RavenCon is a small to medium-sized convention in Williamsburg, VA. Like many of the other cons that I’ve been to recently, it’s a fan-centric event focused on genre fiction, writing, cosplay, anime, and much more. I went primarily for the writing programming and, overall, I have to say I was pleased with most of the panels and workshops that I attended this past weekend.
Developing Great Characters, a workshop led by Meriah L .Crawford
, was two hours of discussion on building characters with depth, plus some short writing exercises. I’ve taken workshops with Mariah before and she’s always great at helping folks find the right questions to ask.
Most panels aiming to address diversity or indigenous cultures were overwhelmingly underwhelming, lacking diverse panelists and failing to ask the big questions. There was either problematic discussion or tip-toeing around issues. This is not an uncommon problem at genre fiction events – but that’s another post for another day.
The panel on Disabled Characters was a highlight for me. The panelists – Baine Kelly
, Darin Kennedy
, and J.T. Bock
– were disabled themselves and/or allies and advocates for the disabled. There was a call for thorough research as well as trying to personally experience the struggle of the disabled as a way to write disabled characters.
There was a late-night group reading/enacting of the convention classic, The Eye of Argon
. This story, as I understand, was once serialized in a fantasy zine and is widely considered to be one of the worst pieces of fiction ever created. Check out the first few lines:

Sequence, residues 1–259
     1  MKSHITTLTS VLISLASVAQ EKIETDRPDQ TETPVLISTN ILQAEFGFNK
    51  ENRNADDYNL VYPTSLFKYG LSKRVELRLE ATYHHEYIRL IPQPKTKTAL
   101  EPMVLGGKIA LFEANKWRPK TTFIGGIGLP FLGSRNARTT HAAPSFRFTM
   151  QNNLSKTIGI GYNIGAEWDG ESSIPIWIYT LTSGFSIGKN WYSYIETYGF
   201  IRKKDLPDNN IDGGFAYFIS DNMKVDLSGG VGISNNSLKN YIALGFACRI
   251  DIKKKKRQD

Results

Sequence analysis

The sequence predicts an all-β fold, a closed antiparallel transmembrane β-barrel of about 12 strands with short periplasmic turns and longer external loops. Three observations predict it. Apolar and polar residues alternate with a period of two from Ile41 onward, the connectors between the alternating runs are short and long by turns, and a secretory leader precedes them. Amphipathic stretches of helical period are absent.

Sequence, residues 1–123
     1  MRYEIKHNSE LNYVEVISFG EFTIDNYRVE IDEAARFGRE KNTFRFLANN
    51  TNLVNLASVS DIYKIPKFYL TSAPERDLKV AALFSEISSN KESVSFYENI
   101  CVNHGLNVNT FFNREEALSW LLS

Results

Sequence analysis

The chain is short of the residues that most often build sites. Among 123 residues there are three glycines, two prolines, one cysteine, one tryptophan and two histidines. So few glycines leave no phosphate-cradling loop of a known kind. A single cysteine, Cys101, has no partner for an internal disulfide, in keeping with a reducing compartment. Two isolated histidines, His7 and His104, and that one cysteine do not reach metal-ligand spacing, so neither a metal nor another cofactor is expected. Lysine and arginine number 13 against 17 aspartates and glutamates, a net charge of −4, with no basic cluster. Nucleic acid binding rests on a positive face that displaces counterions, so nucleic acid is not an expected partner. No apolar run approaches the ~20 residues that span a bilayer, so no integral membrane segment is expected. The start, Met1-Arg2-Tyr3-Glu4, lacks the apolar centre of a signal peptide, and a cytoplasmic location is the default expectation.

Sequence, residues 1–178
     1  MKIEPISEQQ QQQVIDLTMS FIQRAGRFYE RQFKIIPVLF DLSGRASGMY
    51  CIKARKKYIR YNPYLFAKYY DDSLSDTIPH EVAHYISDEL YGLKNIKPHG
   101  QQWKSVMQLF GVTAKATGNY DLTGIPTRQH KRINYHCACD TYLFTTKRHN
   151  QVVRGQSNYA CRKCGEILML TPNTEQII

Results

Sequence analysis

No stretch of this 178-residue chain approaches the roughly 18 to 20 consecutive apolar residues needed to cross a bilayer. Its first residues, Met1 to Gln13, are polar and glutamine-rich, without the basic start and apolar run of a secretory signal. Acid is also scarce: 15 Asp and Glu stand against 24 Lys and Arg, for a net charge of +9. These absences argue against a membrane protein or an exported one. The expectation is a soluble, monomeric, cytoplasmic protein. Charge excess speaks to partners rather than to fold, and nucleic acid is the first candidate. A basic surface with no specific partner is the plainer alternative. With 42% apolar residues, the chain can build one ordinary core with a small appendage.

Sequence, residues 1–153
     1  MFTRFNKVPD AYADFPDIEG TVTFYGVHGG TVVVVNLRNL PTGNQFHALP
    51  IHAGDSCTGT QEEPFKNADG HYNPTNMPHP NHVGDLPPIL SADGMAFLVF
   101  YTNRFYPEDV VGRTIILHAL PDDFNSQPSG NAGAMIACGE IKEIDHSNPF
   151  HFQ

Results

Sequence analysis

The weather beaten trail wound ahead into the dust racked climes of the baren land which dominates large portions of the Norgolian empire. Age worn hoof prints smothered by the sifting sands of time shone dully against the dust splattered crust of earth. The tireless sun cast its parching rays of incandescense from overhead, half way through its daily revolution. Small rodents scampered about, occupying themselves in the daily accomplishments of their dismal lives. Dust sprayed over three heaving mounts in blinding clouds, while they bore the burdonsome cargoes of their struggling overseers.
“Prepare to embrace your creators in the stygian haunts of hell, barbarian”, gasped the first soldier.
“Only after you have kissed the fleeting stead of death, wretch!” returned Grignr.
Another workshop, called Don’t Cry When You Get Rejected, turned out to be an even more helpful experience than I’d expected. Led by Baen Books’ Gray Reinhard
, the 2-hour session was meant to be for writers to get feedback on their queries/first five pages/synopsis from the self-titled “slushmaster general” of Baen. It was listed as first-come, first-serve so I got to the small room early and raced for a seat up front; oddly, there only turned out to be three total people taking advantage of this great opportunity. Odder still, I was the only one who’d brought materials to be critiqued – and you’re darn right I was going to take full advantage of this fact!
In all honesty, I was hoping for him to tear my submission package a new asshole so I knew what to do and change when sending it out to my next wave of agents. The problem? He liked it. He read all five pages and told me he’d like to read more. Gray said that my series pitch sounded like it had a lot of potential and was written well.
Damn it all.
But if you think that I’m not about to personalize a query letter and send my submission package straight to him at Baen, you’d be crazy.